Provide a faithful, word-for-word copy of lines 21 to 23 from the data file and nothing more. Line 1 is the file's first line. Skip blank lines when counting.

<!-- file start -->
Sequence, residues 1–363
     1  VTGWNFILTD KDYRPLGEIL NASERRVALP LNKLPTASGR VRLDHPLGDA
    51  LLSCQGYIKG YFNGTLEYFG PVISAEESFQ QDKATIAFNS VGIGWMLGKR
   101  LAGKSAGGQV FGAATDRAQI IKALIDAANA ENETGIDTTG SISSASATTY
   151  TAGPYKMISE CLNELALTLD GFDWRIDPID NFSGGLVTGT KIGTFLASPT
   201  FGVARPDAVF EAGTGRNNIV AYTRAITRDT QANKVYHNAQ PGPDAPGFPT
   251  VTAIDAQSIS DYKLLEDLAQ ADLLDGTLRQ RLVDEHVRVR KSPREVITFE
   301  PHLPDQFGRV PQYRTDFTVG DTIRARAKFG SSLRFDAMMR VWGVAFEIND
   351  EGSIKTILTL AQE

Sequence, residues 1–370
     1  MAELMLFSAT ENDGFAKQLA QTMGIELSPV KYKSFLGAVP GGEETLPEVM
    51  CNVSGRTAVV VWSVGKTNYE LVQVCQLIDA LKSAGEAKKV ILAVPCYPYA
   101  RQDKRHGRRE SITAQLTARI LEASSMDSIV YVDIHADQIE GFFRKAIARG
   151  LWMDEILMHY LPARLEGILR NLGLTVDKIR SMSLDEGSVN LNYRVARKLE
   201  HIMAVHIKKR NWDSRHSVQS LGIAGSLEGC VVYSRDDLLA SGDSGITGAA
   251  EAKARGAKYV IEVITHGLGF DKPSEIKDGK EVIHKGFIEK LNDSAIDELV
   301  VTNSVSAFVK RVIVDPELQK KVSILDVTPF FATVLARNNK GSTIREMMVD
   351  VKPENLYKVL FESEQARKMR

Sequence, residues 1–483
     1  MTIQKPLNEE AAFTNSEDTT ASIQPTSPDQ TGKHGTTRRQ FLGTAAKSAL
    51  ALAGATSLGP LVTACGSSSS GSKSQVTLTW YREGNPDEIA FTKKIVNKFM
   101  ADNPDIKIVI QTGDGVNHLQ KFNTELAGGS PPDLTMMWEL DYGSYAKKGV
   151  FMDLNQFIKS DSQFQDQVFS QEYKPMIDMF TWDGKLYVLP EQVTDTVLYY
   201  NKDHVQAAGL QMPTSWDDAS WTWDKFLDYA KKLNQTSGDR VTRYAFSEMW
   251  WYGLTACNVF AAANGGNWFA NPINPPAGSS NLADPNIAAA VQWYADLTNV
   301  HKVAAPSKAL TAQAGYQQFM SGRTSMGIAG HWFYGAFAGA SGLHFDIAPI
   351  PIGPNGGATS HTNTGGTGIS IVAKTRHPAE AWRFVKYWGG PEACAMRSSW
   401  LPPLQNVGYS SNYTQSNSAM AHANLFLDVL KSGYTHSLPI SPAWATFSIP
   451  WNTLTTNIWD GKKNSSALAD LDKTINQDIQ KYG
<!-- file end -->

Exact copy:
    51  ALAGATSLGP LVTACGSSSS GSKSQVTLTW YREGNPDEIA FTKKIVNKFM
   101  ADNPDIKIVI QTGDGVNHLQ KFNTELAGGS PPDLTMMWEL DYGSYAKKGV
   151  FMDLNQFIKS DSQFQDQVFS QEYKPMIDMF TWDGKLYVLP EQVTDTVLYY